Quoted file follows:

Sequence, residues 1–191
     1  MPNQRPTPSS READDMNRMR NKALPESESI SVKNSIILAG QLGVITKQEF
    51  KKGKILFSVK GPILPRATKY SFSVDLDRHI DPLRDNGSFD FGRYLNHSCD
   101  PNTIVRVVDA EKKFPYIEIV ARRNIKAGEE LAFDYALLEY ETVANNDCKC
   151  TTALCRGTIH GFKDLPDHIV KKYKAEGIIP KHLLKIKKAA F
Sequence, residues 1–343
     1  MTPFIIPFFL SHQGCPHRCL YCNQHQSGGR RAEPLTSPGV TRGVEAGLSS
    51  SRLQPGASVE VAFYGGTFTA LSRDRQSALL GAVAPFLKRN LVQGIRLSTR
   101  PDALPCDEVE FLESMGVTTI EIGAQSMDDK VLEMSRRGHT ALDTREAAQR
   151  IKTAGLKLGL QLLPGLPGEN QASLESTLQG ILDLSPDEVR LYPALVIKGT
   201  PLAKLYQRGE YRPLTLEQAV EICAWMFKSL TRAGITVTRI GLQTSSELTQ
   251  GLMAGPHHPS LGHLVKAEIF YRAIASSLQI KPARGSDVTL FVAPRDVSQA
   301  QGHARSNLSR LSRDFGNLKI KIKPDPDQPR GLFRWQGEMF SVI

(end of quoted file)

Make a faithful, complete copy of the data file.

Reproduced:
Sequence, residues 1–191
     1  MPNQRPTPSS READDMNRMR NKALPESESI SVKNSIILAG QLGVITKQEF
    51  KKGKILFSVK GPILPRATKY SFSVDLDRHI DPLRDNGSFD FGRYLNHSCD
   101  PNTIVRVVDA EKKFPYIEIV ARRNIKAGEE LAFDYALLEY ETVANNDCKC
   151  TTALCRGTIH GFKDLPDHIV KKYKAEGIIP KHLLKIKKAA F
Sequence, residues 1–343
     1  MTPFIIPFFL SHQGCPHRCL YCNQHQSGGR RAEPLTSPGV TRGVEAGLSS
    51  SRLQPGASVE VAFYGGTFTA LSRDRQSALL GAVAPFLKRN LVQGIRLSTR
   101  PDALPCDEVE FLESMGVTTI EIGAQSMDDK VLEMSRRGHT ALDTREAAQR
   151  IKTAGLKLGL QLLPGLPGEN QASLESTLQG ILDLSPDEVR LYPALVIKGT
   201  PLAKLYQRGE YRPLTLEQAV EICAWMFKSL TRAGITVTRI GLQTSSELTQ
   251  GLMAGPHHPS LGHLVKAEIF YRAIASSLQI KPARGSDVTL FVAPRDVSQA
   301  QGHARSNLSR LSRDFGNLKI KIKPDPDQPR GLFRWQGEMF SVI